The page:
A PWC site dedicated to Jet Ski, Seadoo, Yamaha WaveRunner, Honda AquaTrax and HSR-Benelli offering personal watercraft reviews, news and more.
Our Personal Watercraft
Classifieds provide easy to search listings of PWC's for sale
Research the Personal Watercraft and get a price quote from local dealers
Choose a state to browse listings of all Personal Watercraft dealers in your area
Use our Buyer’s Guide to get a quote or fill out an online application to get the coverage you need
There’s a bit of a logjam in the Sea-Doo muscle lineup, at least if you’re considering craft with the letters RXT and numbers 260 in their name. There’s an X, an aS, even an iS in the mix. So what’s missing on the somewhat plainly labeled RXT 260?
As we discovered, not much. At least, not much where it counts…
What’s In A Name?
The missing characters in the RXT 260’s name clearly indicate this model does not have suspension, whether it’s of the Intelligent (iS) variety or the adjustable (aS) variant. That’s not a great loss. While suspension is cool, and works surprisingly well, it adds to not only the bottom line, but also the boat’s weight. Foregoing it keeps the RXT 260 lean and mean. The lack of the X? It means you’ll miss out on a few ergonomic changes, like grippier mats and seat, and handlebars that can be tweaked in all sorts of ways to dial things in for those race types. Again, cool stuff all, but not what will make or break the deal for a majority of enthusiasts.
Especially because, even in this most distilled version of the RXT line, you still get a lot of bang for the buck.
At the heart of the RXT 260 is a supercharged, intercooled 1,494cc engine that churns out about 260 horsepower.
Start with the engine. Under the saddle resides the same 1,494cc, supercharged with intercooler package that, at least when we used to talk horsepower numbers, churned out about 260 of those ponies. That’s Sea-Doo’s most potent offering, a combo that pushes the RXT 260 to 65 mph and beyond (67mph, to be exact, when it hits the speedo’s electronic limiter), and gets it to that milestone 30 mph mark in about 1.8 seconds. Tame that response with Touring mode, which softens the acceleration curve, or unleash its fury in Sport mode, which gives you the full punch all the way through the low and midrange of the powerband. It’s a quick, responsive package that’s fun to drive, but also has a softer side. Yup, a third mode — ECO — will choose the most fuel-efficient way to cruise.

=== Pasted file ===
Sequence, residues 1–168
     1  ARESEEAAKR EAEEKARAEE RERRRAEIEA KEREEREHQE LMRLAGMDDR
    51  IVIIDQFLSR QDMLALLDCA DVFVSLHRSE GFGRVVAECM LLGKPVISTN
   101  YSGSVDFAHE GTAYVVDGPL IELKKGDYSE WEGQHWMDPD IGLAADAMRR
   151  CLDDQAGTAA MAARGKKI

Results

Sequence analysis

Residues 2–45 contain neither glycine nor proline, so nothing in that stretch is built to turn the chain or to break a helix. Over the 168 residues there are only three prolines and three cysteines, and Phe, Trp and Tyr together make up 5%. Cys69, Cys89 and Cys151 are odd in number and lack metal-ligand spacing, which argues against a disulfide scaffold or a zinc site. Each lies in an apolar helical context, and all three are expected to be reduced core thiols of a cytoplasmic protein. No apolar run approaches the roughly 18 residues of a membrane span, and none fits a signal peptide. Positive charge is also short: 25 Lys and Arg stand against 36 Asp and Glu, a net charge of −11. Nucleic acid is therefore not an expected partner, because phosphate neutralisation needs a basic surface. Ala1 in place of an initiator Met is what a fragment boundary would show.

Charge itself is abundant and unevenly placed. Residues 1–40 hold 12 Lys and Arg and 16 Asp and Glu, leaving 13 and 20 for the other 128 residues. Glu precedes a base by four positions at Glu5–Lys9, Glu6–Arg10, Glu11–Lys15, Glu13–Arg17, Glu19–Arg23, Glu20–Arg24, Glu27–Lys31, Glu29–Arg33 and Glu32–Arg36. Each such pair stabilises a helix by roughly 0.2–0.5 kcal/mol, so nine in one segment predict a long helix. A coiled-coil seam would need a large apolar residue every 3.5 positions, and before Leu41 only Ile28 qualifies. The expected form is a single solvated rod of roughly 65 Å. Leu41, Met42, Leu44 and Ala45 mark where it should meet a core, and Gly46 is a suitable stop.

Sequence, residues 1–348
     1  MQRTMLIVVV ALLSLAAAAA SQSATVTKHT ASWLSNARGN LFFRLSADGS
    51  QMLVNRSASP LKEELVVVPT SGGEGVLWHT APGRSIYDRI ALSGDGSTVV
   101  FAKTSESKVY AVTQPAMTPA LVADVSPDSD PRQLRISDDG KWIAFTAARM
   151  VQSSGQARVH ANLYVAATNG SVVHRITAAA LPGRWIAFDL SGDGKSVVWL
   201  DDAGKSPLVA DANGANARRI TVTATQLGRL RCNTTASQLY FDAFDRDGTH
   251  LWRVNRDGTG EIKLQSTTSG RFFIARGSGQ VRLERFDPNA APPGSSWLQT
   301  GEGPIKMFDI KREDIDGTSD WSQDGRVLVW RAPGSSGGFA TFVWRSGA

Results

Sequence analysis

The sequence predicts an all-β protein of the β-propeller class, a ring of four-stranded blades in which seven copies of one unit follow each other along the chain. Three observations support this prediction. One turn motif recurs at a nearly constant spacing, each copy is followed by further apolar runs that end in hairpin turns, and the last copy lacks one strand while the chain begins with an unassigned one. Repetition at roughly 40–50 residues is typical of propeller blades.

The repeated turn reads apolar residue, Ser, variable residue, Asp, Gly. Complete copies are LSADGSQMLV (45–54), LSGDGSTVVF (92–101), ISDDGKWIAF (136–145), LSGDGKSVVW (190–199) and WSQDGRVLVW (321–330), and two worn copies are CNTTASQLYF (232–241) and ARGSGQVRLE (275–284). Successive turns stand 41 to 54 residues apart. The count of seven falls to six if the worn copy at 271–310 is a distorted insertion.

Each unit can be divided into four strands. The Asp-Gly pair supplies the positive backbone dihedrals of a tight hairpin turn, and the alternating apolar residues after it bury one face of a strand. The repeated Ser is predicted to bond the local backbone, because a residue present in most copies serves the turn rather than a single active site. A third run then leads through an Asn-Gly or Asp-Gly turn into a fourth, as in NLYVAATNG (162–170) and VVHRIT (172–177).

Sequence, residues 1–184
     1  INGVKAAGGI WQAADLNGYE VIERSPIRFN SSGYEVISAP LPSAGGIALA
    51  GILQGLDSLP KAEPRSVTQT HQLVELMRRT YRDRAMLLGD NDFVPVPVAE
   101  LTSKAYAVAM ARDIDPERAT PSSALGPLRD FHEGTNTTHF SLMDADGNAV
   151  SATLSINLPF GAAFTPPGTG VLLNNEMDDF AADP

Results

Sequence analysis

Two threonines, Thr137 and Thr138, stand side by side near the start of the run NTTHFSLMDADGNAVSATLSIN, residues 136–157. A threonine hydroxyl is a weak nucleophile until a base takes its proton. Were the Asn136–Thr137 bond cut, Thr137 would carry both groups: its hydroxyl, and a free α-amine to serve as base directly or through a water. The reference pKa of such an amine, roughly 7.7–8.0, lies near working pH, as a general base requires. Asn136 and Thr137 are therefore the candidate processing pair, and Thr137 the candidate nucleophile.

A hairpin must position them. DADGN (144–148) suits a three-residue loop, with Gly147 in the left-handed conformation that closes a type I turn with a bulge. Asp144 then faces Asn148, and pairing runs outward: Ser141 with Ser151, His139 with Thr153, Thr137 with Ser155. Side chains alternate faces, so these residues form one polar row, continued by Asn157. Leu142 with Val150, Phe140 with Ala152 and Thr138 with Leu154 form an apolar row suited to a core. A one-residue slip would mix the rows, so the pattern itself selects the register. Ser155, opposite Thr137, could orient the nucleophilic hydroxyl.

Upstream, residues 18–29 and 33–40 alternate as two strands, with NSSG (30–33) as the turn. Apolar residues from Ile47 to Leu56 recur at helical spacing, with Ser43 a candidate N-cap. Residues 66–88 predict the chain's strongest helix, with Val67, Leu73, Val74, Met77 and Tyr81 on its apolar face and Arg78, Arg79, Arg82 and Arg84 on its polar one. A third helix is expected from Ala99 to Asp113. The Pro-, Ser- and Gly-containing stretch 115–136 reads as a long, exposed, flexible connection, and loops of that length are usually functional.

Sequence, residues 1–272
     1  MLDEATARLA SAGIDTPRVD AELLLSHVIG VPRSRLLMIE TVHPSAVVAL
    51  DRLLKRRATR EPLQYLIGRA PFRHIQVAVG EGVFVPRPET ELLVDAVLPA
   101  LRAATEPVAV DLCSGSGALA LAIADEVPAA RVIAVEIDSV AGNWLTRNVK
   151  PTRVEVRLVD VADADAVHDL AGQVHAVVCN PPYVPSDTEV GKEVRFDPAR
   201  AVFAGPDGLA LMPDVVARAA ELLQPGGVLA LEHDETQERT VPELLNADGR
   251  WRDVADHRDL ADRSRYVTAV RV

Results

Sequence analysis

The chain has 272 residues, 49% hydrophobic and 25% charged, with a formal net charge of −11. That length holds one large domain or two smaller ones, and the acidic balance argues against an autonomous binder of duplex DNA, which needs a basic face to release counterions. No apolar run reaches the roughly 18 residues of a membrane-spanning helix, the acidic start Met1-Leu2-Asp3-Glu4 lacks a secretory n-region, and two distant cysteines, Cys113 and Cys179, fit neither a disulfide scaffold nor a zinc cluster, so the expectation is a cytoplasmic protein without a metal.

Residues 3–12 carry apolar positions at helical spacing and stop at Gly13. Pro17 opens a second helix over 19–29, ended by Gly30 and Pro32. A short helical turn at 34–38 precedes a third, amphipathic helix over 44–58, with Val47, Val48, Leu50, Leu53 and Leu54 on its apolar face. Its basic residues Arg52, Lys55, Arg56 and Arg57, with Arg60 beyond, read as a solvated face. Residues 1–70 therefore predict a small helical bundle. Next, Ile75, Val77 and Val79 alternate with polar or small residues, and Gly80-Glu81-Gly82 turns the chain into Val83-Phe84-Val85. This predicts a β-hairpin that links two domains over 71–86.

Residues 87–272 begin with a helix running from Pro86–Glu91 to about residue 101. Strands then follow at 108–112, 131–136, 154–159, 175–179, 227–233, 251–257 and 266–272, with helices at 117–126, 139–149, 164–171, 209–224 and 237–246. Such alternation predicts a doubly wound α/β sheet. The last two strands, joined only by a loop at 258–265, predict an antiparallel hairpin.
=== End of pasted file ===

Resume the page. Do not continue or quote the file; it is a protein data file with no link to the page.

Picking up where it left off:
Adjustable handlebars let the operator get comfortable standing or sitting.
Fast, yes, but the RXT is not just about speed. Its stepped hull promises to reduce drag, and rails through a corner with an ultra-predictable inside lean. It’s surprisingly agile given the craft’s 139.2” length. Sponsons keep things hooked up aft, while tilt steering enhances the driver’s position atop the saddle. The fast-response trim can also push the bow lower for cornering, or raise it for speed, with a quick double-tap. Preset positions allow the driver to dial it in ahead of time, so as not to divert attention off the water when it counts.
Like all modern Sea-Doos, gaining that performance doesn’t mean losing control. Standard issue is the Intelligent Brake & Reverse system. For those still not familiar with the concept, it uses a bucket aft of the pump to redirect water flow. Squeeze the lever (mounted conveniently on the left hand grip) at speed, and the craft’s iControl
Squeeze the iBR lever and you’ll slow the RXT 260 down in a hurry.
computer will interrupt thrust for a fraction of a second, drop that bucket, and then reapply power so that same thrust is now directed forward and to the sides to rapidly slow the craft. Start the craft at the dock and that bucket deploys partially to keep the craft in place until the driver wishes to go into either reverse or forward. It takes minutes to get the hang of, pays real dividends on the water, and never requires the driver to take his eyes off the water.
Of course, the RXT 260 also has all those other amenities that the ‘Doo does. Its lanyard is digitally encoded to do triple-duty as also a speed limiter and theft-prevention device; its hinged seat raises on a pneumatic strut, alleviating the problem of where to put the saddle during maintenance; and its info center boasts a number of features, including a compass and fuel consumption readout. Only storage continues to feel like a miscue. At a mere 13.7 gallons, it’s far less than the competition boasts.
A civilized speed junkie? That pretty much sums it up. But don’t forget price. By foregoing all those Xs, Is, and As in the title, Sea-Doo also brings this RXT 260 in for $13,599, as much as $2,800 less than the aS, and even $1,100 less than the X version.
Given how much you’ll likely want to ride it, that’s money that can be put to good use.
Related Reading2012 Sea-Doo RXT-X 260 Review2012 Sea-Doo RXT-X aS 260 Review2012 Sea-Doo RXP-X 260 Review2012 Sea-Doo GTX Limited iS 260 Review
Get PersonalWatercraft.com in your Inbox!
Like PersonalWatercraft.com on Facebook